It is important to understand the nature and causes of kidney stones. This gives us a clear picture of how kidney stones are developed and whether or not drinking coffee can cause them.
If food and drinks can cause kidney stones, you should note that calcium, ammonia, uric acid, and cysteine are the most common minerals that cause kidney stones. If you eat foods or drink liquids that are rich in these minerals, over-consumption of such can lead to kidney stones. However, it is important to note that coffee does not contain any of the former minerals. Coffee, essentially, contains caffeine and other antioxidants. As a matter of fact, antioxidants are typically beneficial compounds that help avoid cell damage.
Due to its high antioxidant content, coffee is known to help decrease the risk of some cancers and liver diseases. You can also lose weight if you drink coffee in moderation.
Let’s now focus on medical evidence that coffee does not cause kidney stones.
Coffee and kidney stones: research findings
Researchers at the Harvard School of Public Health, Department of Nutrition, developed a study to assess the effects of certain beverages on kidney stone formation. Published in the American Journal of Epidemiology, the researchers determined the relationship between 21 different types of beverages and the risk of kidney stone formation in more than 45,000 men. They found that caffeinated coffee reduced the risk of kidney stone formation by 10 percent.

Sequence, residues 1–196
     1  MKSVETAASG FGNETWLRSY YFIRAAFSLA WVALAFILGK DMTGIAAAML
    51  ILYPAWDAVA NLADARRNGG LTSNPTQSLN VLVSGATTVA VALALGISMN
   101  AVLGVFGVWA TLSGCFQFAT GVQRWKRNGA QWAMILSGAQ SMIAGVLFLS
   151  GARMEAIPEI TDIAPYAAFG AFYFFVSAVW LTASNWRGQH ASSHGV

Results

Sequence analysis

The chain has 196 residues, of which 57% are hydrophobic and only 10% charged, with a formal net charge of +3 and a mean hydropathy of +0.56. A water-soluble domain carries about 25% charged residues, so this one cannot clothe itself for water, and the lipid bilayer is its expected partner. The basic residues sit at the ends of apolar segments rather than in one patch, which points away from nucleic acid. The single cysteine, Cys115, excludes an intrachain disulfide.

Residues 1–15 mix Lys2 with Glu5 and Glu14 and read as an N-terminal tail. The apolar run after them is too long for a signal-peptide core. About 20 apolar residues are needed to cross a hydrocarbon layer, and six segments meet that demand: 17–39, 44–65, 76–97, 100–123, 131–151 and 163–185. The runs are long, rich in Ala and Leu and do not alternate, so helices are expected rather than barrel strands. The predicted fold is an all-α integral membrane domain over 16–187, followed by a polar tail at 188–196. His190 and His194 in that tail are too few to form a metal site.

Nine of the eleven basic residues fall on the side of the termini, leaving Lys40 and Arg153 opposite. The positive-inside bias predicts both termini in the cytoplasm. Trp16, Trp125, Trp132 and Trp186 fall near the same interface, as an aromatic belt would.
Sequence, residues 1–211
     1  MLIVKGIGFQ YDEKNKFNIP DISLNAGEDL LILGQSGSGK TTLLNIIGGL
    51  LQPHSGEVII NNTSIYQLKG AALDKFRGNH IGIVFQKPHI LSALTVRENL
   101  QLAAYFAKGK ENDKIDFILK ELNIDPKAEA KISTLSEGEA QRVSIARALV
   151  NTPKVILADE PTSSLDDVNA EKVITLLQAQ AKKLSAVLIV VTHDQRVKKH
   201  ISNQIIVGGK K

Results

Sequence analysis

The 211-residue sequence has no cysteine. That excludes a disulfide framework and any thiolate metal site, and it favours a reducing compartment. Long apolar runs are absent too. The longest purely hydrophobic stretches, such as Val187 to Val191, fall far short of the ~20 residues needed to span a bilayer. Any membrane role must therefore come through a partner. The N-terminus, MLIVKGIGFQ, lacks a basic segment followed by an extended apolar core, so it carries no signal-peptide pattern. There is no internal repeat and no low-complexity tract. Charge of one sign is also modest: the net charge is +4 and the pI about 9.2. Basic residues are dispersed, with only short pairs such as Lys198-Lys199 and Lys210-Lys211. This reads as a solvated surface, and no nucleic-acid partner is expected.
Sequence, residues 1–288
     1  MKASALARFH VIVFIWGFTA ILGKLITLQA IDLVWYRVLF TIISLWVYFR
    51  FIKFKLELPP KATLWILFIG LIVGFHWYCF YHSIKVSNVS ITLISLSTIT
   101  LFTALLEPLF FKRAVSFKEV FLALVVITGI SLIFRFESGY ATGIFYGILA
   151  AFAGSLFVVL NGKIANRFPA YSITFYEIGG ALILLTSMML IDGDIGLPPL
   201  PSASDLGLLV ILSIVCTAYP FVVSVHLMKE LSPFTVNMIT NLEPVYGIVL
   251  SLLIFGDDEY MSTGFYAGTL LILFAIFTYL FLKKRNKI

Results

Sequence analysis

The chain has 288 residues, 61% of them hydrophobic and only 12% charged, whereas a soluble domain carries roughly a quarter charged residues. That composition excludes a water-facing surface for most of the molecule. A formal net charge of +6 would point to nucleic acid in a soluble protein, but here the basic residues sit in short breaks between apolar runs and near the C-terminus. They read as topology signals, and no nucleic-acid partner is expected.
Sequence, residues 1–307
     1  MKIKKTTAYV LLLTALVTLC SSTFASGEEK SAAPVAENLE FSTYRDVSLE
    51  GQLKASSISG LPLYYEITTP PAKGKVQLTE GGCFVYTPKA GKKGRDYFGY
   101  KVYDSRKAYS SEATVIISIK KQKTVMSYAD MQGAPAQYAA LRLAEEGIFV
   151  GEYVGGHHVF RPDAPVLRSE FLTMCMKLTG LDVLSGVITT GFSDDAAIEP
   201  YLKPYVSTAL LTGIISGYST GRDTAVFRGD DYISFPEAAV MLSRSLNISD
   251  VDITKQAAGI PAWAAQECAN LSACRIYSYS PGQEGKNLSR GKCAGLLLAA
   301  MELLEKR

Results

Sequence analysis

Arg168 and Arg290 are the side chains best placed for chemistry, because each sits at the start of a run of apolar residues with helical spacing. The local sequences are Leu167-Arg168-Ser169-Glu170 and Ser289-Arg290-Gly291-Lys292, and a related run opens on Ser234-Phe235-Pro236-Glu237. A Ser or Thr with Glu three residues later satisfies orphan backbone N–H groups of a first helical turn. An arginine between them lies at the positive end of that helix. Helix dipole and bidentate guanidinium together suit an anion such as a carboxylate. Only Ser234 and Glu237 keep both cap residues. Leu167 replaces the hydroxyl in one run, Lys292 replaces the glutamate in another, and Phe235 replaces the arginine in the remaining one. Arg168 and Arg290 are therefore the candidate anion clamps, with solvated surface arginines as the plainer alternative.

Another significant finding, the research team found that whether the coffee is decaf or not, the same effect is achieved. Those who drink decaf coffee also had 10 percent reduction in kidney stone formation.
In another useful study published by PubMed, two large groups of nurses and one group of physicians were followed for many years to determine what habits and diets are considered healthy or unhealthy. For the duration of the study, some people in the group developed kidney stones and some did not. The interesting part of the study was the questionnaire used determined the specific food and beverage intake of the participants, as well as the amount taken.
The amounts are important to keep in mind. For coffee and tea, it was 8 oz servings. For juices, a small glass. For carbonated drinks and beer, a glass, bottle or can. For wine, a 5 oz glass. Servings were graded over the range of less than 1, 1, 2-4, and 5-6, weekly, as well as more than 1 serving a day. A significant effect meant that as the amounts increased, the risk of new stones increased or decreased in rough proportion. The researchers called it the ‘dose’ effect.